After already voting down a rezoning request, the Board of Supervisors decided Monday to send Belmont Glen, L.C.’s proposal for a 143-acre site back to the Land Use Committee.
The McLean developer requested rezoning the site from one unit per acre to a planned development community of 196 single-family detached units. The Board of Supervisors voted Sept. 15 against the request, requiring the site remain as a base zoning or by-right development as already allowed under the county’s zoning ordinance. The site’s location is west of Belmont Ridge Road, or Route 659, a half-mile from the Dulles Greenway, or Route 267.
Supervisor Charles Harris (D-Broad Run) asked the board at the Oct. 6 meeting to reconsider Belmont Glen’s rezoning application by sending it back to Land Use. He referred the application to the committee for further site planning and discussion on the development’s potential environmental impacts if it remains as by-right instead of a rezoning. He liked that the developer was offering to provide $2.25 million in proffers at a rate of $42,000 per housing unit to help cover the development’s infrastructure costs. The county would lose those proffers by retaining the site under a by-right status.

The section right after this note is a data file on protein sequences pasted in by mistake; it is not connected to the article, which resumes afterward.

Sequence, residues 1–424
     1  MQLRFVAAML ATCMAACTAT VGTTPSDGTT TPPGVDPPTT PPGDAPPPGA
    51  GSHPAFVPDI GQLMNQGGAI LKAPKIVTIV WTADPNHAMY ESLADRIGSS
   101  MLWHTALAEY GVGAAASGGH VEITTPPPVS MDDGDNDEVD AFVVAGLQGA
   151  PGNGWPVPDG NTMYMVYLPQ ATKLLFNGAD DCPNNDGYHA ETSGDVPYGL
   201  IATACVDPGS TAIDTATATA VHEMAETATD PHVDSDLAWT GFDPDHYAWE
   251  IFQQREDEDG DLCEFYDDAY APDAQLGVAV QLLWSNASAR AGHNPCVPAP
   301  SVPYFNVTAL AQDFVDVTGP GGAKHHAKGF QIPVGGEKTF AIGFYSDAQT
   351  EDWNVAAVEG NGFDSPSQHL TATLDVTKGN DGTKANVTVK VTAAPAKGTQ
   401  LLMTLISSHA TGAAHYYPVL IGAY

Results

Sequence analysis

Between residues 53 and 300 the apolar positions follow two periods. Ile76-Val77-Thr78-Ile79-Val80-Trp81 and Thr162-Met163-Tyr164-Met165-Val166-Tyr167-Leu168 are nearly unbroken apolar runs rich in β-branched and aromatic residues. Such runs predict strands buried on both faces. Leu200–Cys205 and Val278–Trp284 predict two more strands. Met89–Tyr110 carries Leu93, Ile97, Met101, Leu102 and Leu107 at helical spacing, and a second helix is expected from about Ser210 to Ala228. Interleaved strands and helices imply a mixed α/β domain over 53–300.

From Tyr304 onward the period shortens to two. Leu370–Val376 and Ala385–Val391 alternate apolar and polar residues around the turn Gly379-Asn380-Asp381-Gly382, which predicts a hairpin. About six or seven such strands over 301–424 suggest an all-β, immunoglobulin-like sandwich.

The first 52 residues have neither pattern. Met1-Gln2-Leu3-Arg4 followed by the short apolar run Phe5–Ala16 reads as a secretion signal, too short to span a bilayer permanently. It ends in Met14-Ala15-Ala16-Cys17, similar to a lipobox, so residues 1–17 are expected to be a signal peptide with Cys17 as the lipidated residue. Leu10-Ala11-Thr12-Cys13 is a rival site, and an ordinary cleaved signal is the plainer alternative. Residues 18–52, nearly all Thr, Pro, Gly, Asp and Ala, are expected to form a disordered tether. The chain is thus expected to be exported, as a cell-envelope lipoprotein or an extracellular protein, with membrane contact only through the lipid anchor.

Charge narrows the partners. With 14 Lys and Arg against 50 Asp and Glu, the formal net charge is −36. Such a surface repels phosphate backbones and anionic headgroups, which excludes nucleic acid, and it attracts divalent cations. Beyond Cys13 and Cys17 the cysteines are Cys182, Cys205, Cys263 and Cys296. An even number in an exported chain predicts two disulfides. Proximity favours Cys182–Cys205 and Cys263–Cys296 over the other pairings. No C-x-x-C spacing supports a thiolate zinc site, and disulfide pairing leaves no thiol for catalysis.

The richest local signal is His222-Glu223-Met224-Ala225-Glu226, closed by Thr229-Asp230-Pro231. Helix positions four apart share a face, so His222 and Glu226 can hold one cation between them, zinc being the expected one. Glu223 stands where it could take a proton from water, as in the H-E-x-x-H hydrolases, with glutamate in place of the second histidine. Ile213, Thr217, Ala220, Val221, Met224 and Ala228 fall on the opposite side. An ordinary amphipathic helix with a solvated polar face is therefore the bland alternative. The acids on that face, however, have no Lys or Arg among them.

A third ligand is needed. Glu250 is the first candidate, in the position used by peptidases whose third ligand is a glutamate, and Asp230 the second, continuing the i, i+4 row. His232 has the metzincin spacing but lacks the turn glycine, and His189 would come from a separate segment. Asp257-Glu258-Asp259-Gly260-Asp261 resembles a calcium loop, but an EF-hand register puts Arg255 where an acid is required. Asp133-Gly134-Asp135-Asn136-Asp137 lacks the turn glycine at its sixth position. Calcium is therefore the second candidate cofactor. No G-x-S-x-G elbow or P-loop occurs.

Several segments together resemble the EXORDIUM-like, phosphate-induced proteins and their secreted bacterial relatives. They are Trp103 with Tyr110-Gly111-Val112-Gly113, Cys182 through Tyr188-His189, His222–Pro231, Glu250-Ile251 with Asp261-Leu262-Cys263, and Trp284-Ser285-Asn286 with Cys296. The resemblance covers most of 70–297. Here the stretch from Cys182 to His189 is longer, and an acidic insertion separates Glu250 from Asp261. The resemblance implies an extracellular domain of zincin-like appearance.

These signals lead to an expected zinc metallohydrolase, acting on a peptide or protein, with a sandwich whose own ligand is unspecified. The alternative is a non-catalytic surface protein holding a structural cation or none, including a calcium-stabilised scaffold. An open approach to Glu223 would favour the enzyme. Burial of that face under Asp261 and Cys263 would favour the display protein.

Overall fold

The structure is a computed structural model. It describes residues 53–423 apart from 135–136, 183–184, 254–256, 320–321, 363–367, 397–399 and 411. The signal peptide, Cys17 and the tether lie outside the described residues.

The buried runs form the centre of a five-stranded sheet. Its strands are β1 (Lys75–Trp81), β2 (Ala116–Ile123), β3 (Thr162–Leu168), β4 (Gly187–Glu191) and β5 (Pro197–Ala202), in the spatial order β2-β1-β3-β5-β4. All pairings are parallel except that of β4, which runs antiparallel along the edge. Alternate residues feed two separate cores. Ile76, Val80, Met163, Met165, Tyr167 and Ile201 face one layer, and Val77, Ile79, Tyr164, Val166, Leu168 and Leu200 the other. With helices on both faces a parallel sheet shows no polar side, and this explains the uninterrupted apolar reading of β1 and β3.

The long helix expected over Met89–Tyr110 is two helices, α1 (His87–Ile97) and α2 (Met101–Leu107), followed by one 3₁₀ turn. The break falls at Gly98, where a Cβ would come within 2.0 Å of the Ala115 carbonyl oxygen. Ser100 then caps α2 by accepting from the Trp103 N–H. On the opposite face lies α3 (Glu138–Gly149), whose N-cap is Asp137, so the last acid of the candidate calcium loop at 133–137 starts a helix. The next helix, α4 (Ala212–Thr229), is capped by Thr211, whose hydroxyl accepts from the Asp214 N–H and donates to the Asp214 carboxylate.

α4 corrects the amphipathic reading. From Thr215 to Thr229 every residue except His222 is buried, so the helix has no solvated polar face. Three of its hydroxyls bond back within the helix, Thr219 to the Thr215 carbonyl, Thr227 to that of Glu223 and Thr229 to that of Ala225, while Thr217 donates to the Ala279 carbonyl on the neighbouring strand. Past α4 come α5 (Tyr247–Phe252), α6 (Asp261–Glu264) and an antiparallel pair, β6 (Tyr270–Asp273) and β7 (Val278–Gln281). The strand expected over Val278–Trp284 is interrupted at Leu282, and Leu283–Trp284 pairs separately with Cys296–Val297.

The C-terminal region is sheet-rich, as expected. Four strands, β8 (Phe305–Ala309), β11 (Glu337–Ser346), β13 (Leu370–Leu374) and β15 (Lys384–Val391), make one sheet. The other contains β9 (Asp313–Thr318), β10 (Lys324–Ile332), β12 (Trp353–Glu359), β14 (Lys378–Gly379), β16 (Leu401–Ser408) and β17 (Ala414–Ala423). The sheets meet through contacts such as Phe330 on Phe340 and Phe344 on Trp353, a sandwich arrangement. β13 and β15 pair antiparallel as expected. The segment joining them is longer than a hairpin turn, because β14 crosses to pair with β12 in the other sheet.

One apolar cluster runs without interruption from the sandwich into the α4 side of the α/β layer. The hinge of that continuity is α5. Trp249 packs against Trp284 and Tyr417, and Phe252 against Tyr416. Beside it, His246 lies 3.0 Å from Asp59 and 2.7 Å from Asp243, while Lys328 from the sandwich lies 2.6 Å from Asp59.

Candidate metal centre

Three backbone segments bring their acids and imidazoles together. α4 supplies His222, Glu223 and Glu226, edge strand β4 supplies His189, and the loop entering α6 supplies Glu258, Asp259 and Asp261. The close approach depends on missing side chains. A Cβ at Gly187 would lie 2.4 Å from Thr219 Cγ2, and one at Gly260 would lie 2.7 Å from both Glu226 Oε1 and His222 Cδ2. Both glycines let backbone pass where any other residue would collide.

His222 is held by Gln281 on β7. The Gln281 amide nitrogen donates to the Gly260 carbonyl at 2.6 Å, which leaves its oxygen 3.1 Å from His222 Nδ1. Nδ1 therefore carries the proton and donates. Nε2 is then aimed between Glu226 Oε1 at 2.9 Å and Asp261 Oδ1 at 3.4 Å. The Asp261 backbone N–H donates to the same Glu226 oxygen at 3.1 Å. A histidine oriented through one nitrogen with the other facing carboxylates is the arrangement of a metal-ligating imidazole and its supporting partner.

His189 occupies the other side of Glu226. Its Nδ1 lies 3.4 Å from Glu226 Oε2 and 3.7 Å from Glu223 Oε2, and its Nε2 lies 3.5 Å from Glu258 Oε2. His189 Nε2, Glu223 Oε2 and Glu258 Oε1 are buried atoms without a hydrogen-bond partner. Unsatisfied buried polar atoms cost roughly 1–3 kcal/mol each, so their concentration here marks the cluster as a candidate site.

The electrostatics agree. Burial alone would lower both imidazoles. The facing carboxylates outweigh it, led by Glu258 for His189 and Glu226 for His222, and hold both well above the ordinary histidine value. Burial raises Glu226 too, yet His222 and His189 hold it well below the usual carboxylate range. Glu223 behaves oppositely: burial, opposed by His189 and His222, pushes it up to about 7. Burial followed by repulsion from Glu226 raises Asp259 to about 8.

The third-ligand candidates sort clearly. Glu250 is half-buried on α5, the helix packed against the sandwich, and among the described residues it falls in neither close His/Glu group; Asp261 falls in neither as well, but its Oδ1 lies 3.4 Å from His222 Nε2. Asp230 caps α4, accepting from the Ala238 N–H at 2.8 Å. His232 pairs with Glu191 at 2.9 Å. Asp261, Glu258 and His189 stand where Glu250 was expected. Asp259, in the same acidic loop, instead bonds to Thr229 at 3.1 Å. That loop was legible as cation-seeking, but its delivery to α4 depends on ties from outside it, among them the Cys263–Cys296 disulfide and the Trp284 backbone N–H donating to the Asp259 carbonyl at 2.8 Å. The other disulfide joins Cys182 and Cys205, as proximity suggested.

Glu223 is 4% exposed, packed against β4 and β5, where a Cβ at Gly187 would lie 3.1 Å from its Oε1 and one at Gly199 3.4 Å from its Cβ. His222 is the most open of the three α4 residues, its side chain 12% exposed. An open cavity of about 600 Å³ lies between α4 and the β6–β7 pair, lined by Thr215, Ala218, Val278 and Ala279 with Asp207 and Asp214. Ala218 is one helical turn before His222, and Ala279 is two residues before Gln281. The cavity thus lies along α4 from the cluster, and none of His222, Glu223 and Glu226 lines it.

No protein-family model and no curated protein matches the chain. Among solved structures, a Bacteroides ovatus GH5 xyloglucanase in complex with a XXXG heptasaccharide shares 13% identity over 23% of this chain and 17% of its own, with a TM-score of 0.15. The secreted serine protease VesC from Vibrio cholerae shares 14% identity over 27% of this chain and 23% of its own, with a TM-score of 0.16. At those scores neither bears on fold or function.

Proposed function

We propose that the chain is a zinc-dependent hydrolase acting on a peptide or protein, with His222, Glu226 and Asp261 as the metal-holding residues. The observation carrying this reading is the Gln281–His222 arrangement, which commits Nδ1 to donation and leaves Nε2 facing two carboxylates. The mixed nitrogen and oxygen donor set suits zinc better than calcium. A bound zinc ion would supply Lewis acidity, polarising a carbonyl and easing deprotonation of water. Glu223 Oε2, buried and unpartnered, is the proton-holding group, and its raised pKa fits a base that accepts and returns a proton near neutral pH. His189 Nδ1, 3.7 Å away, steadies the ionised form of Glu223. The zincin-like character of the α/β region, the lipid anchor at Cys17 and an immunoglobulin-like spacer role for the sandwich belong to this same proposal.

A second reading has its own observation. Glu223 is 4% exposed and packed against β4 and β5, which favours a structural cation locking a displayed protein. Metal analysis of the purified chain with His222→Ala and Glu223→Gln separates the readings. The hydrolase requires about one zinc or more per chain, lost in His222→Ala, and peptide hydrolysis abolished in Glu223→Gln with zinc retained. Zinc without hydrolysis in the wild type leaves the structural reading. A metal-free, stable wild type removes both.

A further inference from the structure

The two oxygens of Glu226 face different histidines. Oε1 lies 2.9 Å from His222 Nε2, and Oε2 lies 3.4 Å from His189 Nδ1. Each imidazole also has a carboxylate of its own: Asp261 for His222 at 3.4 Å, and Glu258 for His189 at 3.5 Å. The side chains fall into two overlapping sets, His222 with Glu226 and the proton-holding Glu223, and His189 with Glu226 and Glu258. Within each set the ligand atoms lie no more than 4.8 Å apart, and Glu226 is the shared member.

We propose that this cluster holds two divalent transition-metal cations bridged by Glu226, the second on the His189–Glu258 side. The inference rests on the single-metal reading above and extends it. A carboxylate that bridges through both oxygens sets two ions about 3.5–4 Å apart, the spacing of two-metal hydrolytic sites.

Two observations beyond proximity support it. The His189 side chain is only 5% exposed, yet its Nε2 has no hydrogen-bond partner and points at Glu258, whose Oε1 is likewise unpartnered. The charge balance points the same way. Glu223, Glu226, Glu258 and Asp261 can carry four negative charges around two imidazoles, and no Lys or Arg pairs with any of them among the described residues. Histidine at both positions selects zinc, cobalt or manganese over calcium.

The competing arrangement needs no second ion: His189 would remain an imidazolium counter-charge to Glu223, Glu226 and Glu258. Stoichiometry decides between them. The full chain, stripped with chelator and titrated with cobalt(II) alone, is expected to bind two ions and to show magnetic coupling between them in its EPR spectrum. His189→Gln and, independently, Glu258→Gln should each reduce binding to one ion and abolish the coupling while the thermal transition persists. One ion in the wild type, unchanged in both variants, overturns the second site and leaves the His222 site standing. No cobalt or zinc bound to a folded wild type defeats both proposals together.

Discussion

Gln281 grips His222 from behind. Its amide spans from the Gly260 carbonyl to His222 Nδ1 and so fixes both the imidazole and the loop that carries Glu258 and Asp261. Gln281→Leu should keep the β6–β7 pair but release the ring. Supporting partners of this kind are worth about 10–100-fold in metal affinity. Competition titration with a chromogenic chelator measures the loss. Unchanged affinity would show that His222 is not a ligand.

“This is the highest proffer for a rezoning the county has ever seen,” Harris said. “Although I have a lot of concern about adding 50 houses, the proffers are the better option.”
In addition, Harris worried over the environmental impacts the by-right development could have on the site, which fronts Goose Creek and is near the Beaverdam and Goose Creek reservoirs. In its rezoning request, Belmont Glen offered to mitigate the development’s potential environmental impacts by incorporating conservation design principles, providing water quality protection measures in the Goose Creek watershed and preserving forested areas and open space, along with providing the county with a 61-acre passive recreation public park along Goose Creek.
“By right is devastating to the environment. I’m more than happy to take it back to Land Use,” Sally Kurtz (Catoctin) said.
The board voted 6-2-1 in favor of Harris’s motion with Drew Hiatt (R-Dulles) and James Burton (I-Mercer) voting against and chairman Scott York (R-At large) absent from the vote.
IN OTHER BUSINESS, the Board of Supervisors heard the 2003 annual report from the Soil and Water Conservation District, a political subdivision of the state that aims to conserve natural resources, improve water quality and provide education on environmental issues.
“Despite budget constraints, this has been another year of great accomplishments,” said James Boland, district chairman.